The Ningen; Japanese Mermaid or Arctic Cryptid?
Cryptozoologists have been on the hunt for prehistoric maritime creatures like Nessie, Champy, and Tessie for decades, if not centuries. And a recent discovery of an 80 million-year-old shark species has likely fueled the interest of seekers still hoping to make a discovery. But there is one creature that has recently joined the ranks of these elusive cryptids, that remains unbeknownst to many: the Ningen.
The Ningen, A Japanese Mermaid?
What started off as an anecdote posted in a popular Japanese online forum, has now led to a multitude of sightings and alleged video evidence of an aquatic, humanoid fish, said to be roughly the size of a whale. The Ningen, which translates literally to ‘human,’ is a 20-30 meter-long, bulbous creature that was originally spotted by a Japanese research vessel, off the coast of Antarctica.
The creature is described as having a pale white, human-like figure with a torso, appendages, and fingers like ours, but with a mermaid-esque tail. It is also described as having minimal facial features with a small slitted mouth and two vacuous eyes.
The Ningen sea creature has been spotted primarily at night and in colder waters, leading some to believe that it has been hiding in the Arctic, beneath the ice. Some say that it may be a previously undiscovered species of albino ray, though the description of those who have encountered it is distinctly different.
There are several lackluster videos and questionable photos circulating the internet that purport to show the Ningen sea creature in its natural environment, but like most cryptids, none provide definitive proof. Though that hasn’t warranted an abandonment of the search for this amphibious wraith. Why would it? Scientists continue to discover multitudes of new marine species in the depths of the ocean on a regular basis.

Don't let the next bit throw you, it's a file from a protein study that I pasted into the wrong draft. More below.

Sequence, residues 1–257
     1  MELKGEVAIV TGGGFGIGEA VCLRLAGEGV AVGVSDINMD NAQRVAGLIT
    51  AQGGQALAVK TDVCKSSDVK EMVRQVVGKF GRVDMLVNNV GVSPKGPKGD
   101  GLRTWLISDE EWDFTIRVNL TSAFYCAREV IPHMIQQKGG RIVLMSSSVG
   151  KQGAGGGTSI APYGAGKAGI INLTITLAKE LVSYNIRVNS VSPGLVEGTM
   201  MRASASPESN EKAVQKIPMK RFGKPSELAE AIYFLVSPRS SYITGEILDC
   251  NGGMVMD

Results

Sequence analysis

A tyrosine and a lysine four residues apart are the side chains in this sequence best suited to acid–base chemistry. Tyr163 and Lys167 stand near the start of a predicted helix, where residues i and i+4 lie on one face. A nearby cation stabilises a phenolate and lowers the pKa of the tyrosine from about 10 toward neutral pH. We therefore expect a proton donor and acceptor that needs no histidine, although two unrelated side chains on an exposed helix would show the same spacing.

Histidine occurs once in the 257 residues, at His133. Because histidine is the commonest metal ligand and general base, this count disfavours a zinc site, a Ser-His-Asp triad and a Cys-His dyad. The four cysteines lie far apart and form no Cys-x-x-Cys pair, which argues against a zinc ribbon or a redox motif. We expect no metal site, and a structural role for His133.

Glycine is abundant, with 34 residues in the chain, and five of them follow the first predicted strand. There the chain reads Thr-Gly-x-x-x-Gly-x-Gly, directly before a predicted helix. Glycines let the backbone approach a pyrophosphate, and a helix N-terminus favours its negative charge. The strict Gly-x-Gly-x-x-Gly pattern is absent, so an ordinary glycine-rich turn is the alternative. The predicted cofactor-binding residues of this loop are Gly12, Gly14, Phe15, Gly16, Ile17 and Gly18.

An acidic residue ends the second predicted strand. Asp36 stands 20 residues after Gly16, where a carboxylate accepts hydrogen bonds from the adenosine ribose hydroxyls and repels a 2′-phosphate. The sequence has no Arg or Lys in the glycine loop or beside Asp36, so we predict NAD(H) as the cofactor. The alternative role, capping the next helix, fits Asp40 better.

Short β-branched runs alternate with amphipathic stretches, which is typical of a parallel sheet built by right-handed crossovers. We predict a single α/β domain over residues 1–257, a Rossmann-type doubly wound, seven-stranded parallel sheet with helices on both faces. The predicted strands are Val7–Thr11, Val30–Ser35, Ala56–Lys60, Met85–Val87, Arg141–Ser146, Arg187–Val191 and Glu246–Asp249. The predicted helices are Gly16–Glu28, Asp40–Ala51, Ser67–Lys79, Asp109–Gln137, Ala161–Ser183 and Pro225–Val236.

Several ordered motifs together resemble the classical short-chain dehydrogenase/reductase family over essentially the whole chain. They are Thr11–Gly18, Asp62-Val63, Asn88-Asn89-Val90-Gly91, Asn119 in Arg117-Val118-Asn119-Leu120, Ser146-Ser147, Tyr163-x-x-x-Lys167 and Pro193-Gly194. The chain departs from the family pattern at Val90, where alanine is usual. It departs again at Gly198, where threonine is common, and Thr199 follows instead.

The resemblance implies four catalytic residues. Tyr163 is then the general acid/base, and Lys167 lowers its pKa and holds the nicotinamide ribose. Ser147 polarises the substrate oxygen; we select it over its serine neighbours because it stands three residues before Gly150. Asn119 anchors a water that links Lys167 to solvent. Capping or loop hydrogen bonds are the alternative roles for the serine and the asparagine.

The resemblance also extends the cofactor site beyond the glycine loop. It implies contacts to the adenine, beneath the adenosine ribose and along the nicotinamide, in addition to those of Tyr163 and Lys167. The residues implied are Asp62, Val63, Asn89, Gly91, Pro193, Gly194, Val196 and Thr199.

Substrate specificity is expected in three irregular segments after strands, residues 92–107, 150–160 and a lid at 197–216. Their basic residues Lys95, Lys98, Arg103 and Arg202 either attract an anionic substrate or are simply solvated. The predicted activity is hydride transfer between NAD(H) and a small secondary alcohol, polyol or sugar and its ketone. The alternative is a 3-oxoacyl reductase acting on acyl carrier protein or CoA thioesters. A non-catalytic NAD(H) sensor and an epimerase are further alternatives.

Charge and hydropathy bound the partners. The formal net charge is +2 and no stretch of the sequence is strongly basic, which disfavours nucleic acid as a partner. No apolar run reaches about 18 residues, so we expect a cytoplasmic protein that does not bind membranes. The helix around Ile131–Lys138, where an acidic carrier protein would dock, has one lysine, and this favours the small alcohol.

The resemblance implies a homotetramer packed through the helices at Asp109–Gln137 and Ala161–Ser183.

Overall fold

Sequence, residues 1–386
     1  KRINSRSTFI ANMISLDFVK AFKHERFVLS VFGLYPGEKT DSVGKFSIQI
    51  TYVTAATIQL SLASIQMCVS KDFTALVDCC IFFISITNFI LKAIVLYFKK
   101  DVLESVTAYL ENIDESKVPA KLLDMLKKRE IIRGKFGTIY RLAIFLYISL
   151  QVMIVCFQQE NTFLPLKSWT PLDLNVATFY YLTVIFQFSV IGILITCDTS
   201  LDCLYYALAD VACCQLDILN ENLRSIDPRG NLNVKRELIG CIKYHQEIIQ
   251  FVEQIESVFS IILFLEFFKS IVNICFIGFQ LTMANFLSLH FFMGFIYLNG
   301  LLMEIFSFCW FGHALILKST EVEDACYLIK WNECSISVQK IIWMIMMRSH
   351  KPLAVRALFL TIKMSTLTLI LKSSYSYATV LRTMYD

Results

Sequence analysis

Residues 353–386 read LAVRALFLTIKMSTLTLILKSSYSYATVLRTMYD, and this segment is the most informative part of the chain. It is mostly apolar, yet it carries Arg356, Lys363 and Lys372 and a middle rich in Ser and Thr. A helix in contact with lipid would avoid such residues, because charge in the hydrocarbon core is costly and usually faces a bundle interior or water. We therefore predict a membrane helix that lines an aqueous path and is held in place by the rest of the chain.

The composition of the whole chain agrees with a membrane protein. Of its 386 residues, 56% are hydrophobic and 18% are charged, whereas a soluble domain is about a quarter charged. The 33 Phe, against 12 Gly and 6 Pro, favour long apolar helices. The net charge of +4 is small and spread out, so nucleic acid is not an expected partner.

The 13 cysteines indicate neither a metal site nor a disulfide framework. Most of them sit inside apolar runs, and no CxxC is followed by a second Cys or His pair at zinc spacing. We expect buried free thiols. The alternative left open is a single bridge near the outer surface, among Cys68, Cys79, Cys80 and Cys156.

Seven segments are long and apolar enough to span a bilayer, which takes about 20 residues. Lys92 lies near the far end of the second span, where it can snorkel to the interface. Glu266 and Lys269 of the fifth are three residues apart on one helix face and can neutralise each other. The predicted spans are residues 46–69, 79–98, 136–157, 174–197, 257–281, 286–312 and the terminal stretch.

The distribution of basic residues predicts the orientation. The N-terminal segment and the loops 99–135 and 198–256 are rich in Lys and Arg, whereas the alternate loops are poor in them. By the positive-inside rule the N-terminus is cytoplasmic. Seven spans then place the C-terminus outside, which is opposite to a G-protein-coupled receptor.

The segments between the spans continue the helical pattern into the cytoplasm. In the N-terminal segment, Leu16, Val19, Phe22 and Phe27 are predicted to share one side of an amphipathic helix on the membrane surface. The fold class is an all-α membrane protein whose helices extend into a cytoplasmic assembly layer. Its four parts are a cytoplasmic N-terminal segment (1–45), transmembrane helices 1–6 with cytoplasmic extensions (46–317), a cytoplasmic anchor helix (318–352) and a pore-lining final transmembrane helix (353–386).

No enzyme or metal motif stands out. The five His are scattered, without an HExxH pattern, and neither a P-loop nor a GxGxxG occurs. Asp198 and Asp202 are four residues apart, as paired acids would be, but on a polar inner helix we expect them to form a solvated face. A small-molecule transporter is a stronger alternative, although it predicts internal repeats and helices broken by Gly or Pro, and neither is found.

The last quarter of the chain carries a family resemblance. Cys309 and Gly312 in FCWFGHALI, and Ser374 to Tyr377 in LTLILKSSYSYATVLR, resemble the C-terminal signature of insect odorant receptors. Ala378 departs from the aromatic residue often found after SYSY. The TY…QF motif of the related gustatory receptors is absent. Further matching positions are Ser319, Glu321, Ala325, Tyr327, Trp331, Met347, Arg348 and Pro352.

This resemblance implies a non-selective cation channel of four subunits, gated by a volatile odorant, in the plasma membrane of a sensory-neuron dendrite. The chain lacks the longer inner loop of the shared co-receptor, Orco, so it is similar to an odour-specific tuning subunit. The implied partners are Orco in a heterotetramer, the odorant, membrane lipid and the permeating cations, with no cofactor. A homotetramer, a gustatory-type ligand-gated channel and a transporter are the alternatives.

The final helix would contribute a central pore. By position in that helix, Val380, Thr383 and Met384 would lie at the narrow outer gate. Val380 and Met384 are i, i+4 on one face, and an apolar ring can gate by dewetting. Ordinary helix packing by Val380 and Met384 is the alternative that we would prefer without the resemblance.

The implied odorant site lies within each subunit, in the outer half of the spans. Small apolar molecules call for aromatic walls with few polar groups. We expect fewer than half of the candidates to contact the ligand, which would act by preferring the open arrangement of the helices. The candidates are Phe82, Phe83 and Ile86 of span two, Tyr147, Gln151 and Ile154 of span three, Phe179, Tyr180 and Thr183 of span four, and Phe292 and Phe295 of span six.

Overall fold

Over the past decade, a number of hydrothermal vents have been discovered in the arctic depths. In these frigid waters, new and bizarre lifeforms, like the Yeti crab, have been discovered clustering around these vents. Some scientists have theorized that hydrothermal vents are where life originated on Earth in its nascent phases some 4.6 billion years ago.
While the Ningen sea creature remains an anecdotal tale among Japanese sailors and fisherman, there is rumor that the Japanese government is taking reports of the Ningen seriously, amassing a trove of putative accounts. It has also been rumored that photographic evidence of the Ningen was captured by the sailors of the original story, but the Japanese government destroyed the evidence so as not to draw attention and controversy.
Some have speculated that the Japanese government may be involved in a cover-up of the Ningen, due to a rare chemical compound it may produce that is either medicinal or highly venomous and able to be weaponized. Stories have been told of men in black threatening anyone who purports to have seen the Ningen sea creature or anyone attempting to expose its existence; though this is all unconfirmed hearsay. And while the story of the Ningen didn’t necessarily attract significant international attention, Mu Magazine,a Japanese publication specializing in the paranormal, created a serious buzz in Japan. Soon a plethora of stories, sightings, and alleged photographic evidence was made public
The original sighting by Japanese fishermen notes that the crew saw what they at first believed to be a foreign submarine, but upon further examination was clearly a living, breathing entity.
It’s unclear whether there are any cryptozoologists currently pursuing the Ningen, as its location would require a well-funded expedition with crew members knowledgeable of arctic territory. And though the Ningen cryptid might seem like another contrived hoax, told amongst sailors with too much free time, one mustn’t forget the maritime tale of the Kraken, that turned out to be based on a real creature: the giant squid.
Cryptids Proven to be Real Give Us Hope For These 5 Others
Cryptozoology is derided for pseudoscience and fantastic claims, but when you consider some of the legends that have turned out to be real animals, it lends credibility to other potentially real cryptid creatures. And while the actual beasts are often more believable than the embellished monsters of lore, occasionally they can be pretty bizarre – whether a remnant of the Cretaceous period, a curious hybrid, or an inter-dimensional entity, some of these clandestine faunae are truly plausible.